Discussion in 'Tae-Kwon-Do' started by Acronym, Dec 24, 2020.
Why are you so invested in this?
Not sure what you're trying to prove.
I didn't say TMA, I said Hapkido. There is no top game, guardplay, sweeps from a guard, etc. NO rolling around whatsoever
Japanese ju jutsu has some of it and that's a TMA in my book.
You made the claim that the Hapkido schools you saw rarely did spin kicks. I just posted koreans spending a hefty amount of time devoted to just that. Are you following the conversation?
In the post I quoted, you actually said TMA. Maybe read the quoted post before replying.
As for the Hapkido ground game, I've found it to be pretty variable. Some schools seem to have a reasonable grip on it, while others are pretty bad.
So, some schools at least in Korea do a lot of spin kicks. You started this thread with something about the origin of jump-spin kicks. Then you got into small joint manipulation. Then you added in some stuff about ground game. What are you trying to prove?
What are you talking about? Every notable Hapkido expert in the 70s was a spin kicker.
Whang in Sikh
Ji han Jae in Hane of death etc.
Define reasonable grip. If they don't know the fundamentals of submission grappling on the ground (top position, guard, side control, sweeps) they don't stand a chance against anyone passed beginner in BJJ or Judo for that matter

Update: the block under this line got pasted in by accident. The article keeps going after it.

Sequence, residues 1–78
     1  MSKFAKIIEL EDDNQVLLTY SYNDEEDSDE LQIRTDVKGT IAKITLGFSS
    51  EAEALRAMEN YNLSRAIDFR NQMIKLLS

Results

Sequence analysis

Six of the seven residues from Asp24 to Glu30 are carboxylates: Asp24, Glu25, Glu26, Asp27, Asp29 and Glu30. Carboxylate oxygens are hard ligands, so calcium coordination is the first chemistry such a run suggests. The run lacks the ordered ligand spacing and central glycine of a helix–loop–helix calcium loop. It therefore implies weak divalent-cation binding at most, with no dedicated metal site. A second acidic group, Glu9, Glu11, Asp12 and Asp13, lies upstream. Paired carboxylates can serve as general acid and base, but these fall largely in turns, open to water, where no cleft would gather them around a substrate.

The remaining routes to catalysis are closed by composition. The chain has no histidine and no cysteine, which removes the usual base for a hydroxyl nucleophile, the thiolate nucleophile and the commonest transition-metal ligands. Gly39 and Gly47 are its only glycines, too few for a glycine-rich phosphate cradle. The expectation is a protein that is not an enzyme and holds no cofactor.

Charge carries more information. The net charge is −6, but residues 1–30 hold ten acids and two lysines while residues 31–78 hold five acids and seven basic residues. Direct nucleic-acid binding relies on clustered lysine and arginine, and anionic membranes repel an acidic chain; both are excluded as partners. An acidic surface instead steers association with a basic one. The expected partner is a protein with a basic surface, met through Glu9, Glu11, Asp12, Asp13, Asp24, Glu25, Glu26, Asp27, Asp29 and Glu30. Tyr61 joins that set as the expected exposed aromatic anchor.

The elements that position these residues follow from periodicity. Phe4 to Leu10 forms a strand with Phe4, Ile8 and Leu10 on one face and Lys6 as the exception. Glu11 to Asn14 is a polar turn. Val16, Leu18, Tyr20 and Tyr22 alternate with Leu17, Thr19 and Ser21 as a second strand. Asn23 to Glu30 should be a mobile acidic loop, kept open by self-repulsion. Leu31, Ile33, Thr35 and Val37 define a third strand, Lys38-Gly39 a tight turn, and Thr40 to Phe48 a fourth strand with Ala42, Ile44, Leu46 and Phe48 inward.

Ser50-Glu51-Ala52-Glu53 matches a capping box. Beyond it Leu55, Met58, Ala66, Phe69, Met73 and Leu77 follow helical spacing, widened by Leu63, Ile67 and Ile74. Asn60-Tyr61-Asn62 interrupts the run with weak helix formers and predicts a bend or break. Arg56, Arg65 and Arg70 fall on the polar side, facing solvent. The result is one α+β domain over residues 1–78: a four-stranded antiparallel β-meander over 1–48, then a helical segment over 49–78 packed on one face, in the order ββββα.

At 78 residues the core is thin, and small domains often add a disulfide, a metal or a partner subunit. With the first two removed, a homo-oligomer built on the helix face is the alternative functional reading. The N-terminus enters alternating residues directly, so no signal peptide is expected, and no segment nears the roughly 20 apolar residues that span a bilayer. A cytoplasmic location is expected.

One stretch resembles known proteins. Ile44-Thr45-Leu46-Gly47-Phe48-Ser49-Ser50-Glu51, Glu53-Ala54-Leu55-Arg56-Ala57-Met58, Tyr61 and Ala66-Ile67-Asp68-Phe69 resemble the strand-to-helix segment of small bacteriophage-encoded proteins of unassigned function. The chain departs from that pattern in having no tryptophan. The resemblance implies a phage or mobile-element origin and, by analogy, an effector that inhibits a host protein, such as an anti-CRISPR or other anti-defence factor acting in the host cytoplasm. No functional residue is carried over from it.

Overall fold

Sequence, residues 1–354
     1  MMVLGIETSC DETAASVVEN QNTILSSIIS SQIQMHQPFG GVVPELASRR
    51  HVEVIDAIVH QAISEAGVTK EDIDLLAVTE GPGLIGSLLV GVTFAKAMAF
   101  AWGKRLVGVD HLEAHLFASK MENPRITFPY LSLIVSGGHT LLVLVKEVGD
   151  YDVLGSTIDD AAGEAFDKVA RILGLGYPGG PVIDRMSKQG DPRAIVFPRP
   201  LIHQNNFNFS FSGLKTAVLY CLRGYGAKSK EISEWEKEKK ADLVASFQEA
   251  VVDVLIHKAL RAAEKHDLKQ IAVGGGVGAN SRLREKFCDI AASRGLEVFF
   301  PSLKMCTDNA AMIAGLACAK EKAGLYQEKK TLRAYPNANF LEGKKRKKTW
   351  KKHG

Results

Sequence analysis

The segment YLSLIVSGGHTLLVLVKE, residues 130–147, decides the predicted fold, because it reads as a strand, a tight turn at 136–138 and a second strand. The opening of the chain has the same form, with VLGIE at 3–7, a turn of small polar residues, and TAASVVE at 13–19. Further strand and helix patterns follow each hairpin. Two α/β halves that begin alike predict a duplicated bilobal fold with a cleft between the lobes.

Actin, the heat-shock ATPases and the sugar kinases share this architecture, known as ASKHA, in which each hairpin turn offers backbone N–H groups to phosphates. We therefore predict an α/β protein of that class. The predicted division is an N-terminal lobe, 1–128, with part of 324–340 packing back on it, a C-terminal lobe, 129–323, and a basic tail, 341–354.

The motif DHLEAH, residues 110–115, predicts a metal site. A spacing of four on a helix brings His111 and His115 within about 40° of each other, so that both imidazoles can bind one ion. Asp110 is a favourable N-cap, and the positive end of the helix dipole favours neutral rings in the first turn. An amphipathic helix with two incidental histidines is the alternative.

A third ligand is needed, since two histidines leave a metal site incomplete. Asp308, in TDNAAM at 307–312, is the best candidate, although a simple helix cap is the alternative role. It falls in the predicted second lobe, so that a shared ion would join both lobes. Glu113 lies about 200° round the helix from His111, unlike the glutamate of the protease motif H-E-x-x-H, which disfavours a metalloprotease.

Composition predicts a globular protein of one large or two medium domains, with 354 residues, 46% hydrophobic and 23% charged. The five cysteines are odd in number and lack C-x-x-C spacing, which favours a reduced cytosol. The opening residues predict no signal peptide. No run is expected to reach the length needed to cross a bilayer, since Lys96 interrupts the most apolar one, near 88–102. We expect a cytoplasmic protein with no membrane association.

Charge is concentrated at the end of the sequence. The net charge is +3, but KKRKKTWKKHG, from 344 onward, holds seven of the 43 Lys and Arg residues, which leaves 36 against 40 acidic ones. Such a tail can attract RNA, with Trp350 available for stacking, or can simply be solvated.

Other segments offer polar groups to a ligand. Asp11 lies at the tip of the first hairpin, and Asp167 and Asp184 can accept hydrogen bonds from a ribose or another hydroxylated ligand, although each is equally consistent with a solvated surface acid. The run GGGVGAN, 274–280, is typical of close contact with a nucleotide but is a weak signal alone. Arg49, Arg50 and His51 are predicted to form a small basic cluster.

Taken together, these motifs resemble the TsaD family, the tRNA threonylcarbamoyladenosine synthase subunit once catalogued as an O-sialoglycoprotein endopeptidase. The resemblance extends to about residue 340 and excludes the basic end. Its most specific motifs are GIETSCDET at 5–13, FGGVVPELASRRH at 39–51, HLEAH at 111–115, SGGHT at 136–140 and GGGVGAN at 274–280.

Because it related to your objection that Hapkido and Taekwondo are differential arts. I quoted a student of an instructor who barely did any joint manipulation and wrist locks, yet trained in a Hapkido school.
What I then did was simply add to his statement that wrist locks are irrelevant on somebody doing a tackle on you, because there is no time to perform it.
The clip posted in response to that was grip fighting without takedowns.
Here's more spin kicks from the heartland of the art
I simply forgot about Japanese Ju Jutsu
The problem isn't not knowing BJJ. The guy literally won a BJJ match without doing any BJJ. All he used was a wrist lock. match over.
Wrist lock applied while standing
Wrist locks are wrist locks. It doesn't matter which system is doing it. The principles of locking the wrist will still be the same.
The Hapkido schools that I've been to in the US. don't do kicks like that. You'll see kicks like that in TKD schools here, but not in Hapkido schools here. What you see in regards to Hapkido is probably based on what's popular there. The thing that I often see done in Hapkido schools here is grappling and throws.
All Hapkido schools aren't the same.
You can't apply them without controlling the opponent first with wrestling, which is impossible for a Hapkido expert since he doesn't do wrestling in his art.
Beck Martial Arts - Controversial Hapkido Frequently Asked Questions
What's the difference between Sin Moo Hapkido and other kinds of Hapkido?
Not much. There is a lot of variance throughout Hapkido, with a wide spread of the amounts of focus on particular types of techniques. But to be called Hapkido it should have some defenses versus all ranges and all types of attacks; and it should include kicks, strikes, throws, joint locks, and pressure points. The percentage of time spent on any particular types of techniques varies much more with the particular instructor than with a particular HKD organization or kwan. Sin Moo Hapkido has essentially the same techniques as other kinds of Hapkido.
Nor are TKD schools. That doesn't negate the fact that at their core, the content is the same or virtually the same, just intermixed differently
I don't believe your anecdote and regardless, the US is hardly representative of a KOREAN martial art. The US is infamous for watering down and destroying martial arts and creating Mcdojos123
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